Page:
Today’s Mental Struggle = Tomorrow’s Mental Gain

Has this ever happened to you?

You get an idea, something that in some point in the near or far future you would like to see come to fruition. Whether it be by your hand or someone else’s, it is a goal that you can imagine in your mind and you can see it being a success.

Now, how do you get it there? How do you bring it from intangible thought bouncing around the pinball machine of your mind to full-blown creative vision fleshed out and flourishing?

Sometimes I feel like I have hit a snag in a project that runs parallel to my design business. This snag comes from the sheer magnitude of a task that I have set out for myself as a goal, and I find myself nearly rendered incompetent and motionless whenever I sit down to think about it. Seriously, I think, “Now’s the time to finally get down to business and… dust the whole apartment.” At night before I go to bed I feel like a task-oriented mega-businesswoman who can handle anything she happens to throw at herself. And in the morning I am a child who doesn’t know how to spell “the.”

So why is this task so monumental, so huge, humongous, gi-normous? It boils down to being a project of a hundred smaller tasks all linked together in such a way that to do one of them wrong could mean financial and legal ramifications my family is not ready to deal with. It involves research, trial and error, mountains of my time and energy, and the necessary neglect of dust bunnies. It involves computer time, both on and offline, sketchbook time, brainstorming time, brain-calm-seas time (that needs to be a word—get with the program, Webster)… And so much of me that I sometimes wonder if the person I am today will survive by the time when I will eventually be able to put my pen down and say, “It is done. Let no man put asunder what my blood, sweat and tears has created.”

Of course, all this drama could just be my mind putting weight in areas of this project that really mean no more than sitting with a library research book and a hot cup of tea after the kids go to bed. Or sitting at the computer with a hot cup of coffee while the little one naps and the older ones are away at school.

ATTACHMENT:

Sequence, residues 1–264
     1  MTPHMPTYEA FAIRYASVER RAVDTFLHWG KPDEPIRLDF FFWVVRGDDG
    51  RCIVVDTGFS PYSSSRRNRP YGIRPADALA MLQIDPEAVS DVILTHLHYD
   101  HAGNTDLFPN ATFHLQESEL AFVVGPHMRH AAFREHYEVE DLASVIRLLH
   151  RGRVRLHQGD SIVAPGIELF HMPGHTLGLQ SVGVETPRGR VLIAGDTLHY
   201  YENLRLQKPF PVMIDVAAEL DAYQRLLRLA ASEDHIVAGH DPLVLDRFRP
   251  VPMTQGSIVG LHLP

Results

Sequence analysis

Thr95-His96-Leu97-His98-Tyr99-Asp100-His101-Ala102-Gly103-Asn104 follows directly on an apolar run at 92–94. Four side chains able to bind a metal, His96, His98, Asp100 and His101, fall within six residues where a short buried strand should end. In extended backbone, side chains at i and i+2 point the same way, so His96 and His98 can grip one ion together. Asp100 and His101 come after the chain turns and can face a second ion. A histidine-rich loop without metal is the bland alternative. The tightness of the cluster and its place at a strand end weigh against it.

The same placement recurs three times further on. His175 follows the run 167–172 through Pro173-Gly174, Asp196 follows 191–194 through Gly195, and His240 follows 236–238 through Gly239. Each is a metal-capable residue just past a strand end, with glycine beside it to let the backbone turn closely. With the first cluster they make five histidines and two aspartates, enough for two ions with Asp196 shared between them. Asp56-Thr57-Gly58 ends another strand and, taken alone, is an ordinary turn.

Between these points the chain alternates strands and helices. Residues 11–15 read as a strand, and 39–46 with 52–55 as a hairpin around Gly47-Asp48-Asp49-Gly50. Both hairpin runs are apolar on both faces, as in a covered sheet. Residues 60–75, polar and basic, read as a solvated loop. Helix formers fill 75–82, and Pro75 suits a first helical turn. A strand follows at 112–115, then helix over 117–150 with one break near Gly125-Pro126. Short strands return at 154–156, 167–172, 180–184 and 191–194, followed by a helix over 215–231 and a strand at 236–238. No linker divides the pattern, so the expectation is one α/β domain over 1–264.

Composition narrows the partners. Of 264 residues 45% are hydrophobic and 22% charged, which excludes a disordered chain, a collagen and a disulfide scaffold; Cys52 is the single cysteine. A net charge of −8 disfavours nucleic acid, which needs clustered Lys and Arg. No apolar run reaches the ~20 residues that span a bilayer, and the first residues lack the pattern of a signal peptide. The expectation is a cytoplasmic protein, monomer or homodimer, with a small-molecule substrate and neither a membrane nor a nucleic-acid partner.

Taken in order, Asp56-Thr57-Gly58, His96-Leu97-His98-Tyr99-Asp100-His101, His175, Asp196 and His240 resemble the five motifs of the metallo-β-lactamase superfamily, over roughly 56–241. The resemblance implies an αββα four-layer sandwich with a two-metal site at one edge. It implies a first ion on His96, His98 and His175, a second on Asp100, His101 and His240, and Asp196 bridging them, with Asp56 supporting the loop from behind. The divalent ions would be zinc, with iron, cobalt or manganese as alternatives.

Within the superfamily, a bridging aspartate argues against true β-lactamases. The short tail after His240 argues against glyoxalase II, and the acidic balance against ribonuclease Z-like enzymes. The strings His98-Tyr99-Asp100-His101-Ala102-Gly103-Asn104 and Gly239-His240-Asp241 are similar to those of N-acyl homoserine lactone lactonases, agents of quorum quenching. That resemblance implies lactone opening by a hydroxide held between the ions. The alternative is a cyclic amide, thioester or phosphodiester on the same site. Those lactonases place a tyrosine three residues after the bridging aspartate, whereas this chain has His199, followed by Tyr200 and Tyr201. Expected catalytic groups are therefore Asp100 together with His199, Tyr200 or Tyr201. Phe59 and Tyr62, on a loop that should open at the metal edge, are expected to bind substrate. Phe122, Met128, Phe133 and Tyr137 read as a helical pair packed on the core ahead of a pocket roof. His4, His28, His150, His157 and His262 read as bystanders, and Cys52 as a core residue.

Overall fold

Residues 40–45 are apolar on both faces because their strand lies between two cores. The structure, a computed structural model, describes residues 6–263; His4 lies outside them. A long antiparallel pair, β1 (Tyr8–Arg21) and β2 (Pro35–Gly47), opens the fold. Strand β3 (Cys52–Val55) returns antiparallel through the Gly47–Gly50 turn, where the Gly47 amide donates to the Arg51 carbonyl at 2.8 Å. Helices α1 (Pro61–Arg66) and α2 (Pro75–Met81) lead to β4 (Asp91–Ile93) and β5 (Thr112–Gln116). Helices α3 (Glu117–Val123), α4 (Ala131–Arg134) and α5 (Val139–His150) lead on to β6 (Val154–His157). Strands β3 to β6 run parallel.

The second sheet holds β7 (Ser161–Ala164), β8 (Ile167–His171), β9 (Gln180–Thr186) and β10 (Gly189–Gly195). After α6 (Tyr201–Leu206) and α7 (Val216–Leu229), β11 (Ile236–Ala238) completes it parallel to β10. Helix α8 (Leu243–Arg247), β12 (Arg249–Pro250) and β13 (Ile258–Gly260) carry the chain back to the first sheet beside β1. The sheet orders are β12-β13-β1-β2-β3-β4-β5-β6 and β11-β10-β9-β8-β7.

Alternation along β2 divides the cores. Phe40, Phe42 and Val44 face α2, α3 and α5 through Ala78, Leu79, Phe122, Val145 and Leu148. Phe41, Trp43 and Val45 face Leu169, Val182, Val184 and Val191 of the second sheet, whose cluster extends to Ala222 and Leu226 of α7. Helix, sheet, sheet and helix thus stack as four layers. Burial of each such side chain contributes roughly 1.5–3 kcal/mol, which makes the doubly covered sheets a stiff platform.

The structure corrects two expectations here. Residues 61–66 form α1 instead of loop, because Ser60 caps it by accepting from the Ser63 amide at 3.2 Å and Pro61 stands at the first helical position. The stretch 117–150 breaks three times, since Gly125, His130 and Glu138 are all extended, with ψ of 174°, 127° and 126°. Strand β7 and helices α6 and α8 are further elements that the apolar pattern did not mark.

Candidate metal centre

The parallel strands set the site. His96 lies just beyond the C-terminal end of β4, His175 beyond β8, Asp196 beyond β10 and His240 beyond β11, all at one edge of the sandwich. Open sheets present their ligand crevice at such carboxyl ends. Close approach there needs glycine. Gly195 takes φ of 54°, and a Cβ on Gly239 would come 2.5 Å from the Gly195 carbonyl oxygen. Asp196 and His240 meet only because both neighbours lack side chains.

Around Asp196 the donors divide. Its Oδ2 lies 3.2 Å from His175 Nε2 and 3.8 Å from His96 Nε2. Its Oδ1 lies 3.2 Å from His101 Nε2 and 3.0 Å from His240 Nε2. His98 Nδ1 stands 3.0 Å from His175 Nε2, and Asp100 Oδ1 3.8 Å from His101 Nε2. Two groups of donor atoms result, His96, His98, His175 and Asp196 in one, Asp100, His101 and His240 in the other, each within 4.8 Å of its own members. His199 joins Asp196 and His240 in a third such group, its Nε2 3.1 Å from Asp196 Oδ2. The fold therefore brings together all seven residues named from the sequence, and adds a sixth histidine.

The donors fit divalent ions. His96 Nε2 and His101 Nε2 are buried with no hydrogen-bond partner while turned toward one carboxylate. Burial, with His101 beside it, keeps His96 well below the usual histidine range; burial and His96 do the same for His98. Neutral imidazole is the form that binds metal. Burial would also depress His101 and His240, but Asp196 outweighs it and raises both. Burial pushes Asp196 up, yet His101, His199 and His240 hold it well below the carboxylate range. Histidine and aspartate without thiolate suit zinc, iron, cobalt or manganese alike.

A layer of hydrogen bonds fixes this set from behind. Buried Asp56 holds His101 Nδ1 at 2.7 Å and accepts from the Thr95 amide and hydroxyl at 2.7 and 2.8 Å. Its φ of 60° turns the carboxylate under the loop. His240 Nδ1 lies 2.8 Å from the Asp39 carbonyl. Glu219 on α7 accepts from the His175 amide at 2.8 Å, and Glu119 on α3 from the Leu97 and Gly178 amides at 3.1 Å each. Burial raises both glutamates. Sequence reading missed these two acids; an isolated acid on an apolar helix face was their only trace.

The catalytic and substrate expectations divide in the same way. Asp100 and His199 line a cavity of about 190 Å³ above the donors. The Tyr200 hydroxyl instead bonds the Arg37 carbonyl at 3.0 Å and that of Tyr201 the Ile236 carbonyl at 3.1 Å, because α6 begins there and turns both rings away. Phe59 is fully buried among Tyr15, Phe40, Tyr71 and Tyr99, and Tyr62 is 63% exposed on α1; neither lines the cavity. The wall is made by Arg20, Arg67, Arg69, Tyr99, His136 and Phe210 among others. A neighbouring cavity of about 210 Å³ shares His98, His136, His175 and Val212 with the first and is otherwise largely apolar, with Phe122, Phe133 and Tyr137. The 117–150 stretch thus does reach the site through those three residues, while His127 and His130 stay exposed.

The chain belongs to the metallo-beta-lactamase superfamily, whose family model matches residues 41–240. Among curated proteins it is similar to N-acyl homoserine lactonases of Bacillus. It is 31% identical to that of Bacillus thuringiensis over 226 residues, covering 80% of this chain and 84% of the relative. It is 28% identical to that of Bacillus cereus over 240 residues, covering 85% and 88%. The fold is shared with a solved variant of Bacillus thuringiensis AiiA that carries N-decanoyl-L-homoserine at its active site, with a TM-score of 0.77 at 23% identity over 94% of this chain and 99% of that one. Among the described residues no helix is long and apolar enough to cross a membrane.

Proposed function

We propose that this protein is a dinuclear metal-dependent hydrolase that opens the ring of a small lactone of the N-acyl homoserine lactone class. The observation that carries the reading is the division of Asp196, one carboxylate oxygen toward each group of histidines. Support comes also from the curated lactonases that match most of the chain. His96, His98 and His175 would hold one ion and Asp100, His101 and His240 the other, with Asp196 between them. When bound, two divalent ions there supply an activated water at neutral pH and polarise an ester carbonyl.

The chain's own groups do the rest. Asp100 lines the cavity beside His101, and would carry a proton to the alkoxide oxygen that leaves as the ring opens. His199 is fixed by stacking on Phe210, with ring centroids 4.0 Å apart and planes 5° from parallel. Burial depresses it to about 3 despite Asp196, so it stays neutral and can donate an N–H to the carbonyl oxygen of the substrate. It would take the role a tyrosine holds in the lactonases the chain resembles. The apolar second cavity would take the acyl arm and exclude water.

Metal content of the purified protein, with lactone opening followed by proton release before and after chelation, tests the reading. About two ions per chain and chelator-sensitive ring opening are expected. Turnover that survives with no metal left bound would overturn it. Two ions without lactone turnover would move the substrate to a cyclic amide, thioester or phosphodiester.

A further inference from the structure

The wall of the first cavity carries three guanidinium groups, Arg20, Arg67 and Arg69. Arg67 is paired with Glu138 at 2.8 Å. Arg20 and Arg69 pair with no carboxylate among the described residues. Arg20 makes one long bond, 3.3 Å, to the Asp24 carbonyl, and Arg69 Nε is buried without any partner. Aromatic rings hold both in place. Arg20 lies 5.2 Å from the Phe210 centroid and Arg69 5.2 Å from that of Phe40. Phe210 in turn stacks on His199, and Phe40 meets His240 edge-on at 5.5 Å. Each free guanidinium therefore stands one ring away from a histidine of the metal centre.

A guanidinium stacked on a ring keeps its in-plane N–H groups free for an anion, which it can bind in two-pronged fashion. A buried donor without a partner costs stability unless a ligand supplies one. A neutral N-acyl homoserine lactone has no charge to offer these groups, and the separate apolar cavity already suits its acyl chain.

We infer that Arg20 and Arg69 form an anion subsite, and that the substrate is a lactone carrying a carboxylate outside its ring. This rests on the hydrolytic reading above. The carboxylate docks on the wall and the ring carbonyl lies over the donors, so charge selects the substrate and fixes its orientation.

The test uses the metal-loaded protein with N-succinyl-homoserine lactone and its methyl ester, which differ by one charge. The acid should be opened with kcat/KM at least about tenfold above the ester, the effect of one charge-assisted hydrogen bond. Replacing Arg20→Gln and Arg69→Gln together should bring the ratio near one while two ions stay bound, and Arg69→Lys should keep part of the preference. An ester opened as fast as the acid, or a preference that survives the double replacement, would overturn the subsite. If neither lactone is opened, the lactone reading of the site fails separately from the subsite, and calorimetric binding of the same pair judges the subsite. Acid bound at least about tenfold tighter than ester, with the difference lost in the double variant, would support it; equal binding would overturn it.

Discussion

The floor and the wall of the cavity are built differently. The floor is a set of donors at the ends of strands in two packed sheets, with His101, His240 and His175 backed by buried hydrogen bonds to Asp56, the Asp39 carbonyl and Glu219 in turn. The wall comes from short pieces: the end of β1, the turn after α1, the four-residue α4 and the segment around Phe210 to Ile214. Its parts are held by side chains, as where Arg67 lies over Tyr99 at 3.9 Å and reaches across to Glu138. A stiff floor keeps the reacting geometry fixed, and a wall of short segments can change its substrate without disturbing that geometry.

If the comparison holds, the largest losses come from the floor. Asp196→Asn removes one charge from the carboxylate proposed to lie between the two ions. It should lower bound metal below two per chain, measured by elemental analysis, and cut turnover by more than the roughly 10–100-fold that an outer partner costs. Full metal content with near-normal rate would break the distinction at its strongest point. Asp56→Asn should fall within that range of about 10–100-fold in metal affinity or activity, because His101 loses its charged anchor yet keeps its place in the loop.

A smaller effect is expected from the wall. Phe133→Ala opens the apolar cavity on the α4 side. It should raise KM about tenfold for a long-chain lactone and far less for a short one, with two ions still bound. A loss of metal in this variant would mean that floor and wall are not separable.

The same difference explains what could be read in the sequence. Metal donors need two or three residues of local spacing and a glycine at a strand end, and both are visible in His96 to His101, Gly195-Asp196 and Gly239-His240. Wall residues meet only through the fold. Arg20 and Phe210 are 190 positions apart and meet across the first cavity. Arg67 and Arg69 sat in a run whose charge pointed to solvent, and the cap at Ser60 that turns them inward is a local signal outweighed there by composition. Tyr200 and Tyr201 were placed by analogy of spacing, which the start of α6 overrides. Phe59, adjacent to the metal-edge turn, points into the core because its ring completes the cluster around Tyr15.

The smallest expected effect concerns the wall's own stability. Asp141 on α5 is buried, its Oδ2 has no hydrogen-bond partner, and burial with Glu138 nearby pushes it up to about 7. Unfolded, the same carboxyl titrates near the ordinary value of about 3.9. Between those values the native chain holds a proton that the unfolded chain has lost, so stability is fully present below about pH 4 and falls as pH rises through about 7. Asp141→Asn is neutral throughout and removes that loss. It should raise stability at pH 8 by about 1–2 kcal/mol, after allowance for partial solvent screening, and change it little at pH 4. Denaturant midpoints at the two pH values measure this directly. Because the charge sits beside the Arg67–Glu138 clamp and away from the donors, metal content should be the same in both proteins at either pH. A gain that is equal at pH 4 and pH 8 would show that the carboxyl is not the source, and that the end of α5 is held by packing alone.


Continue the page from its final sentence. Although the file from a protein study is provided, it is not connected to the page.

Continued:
Or having a quiet date night with my husband while brainstorming on napkins and holding hands by candlelight.

Life is tough. So are minds. Minds being not “tough” as in “Boy, she’s a strong woman,” but more like, “Your mind is turning this project into a dissertation when it’s really only a high school level essay.” But isn’t that was life is all about? We choose our battles (and I think I have picked a doozy), and our battles are only as hard as we make them out to be? I certainly like the idea of sipping a cup of sweet tea with cream while reading a book on my squishy couch rather than piling my hair on top of my head, wearing vinyl gloves, and scrubbing the baseboards in my bathroom.

That’s not to say that changing my way of thinking instantly turns this task into a high school level essay, but it certainly puts things into perspective. One step at a time, right? I could always look at it this way—I had to brush my hair, put it on top of my head in a sloppy bun, pull on the gloves, fill the bucket with soap and hot water, make sure I had the right sponge… The big task separated out into much smaller tasks (that may all be connected but are each as equally important as the one before it) suddenly makes it more manageable. More acquirable. More, “Hey, I can do this.”

So this task? It involves trademarks, legal fees, income and profits, and yes – lots of my time. I might be successful, I might not, but I know by the time it’s over I will have learned an insane amount of stuff that will make the time I spent on the project invaluable.

And perhaps a few months down the road it will mean a new blog post featuring the fruits of my labors and a rundown of the steps I accomplished in order to complete it. After all, a task such as this one is a task worth teaching someone else how to do as well.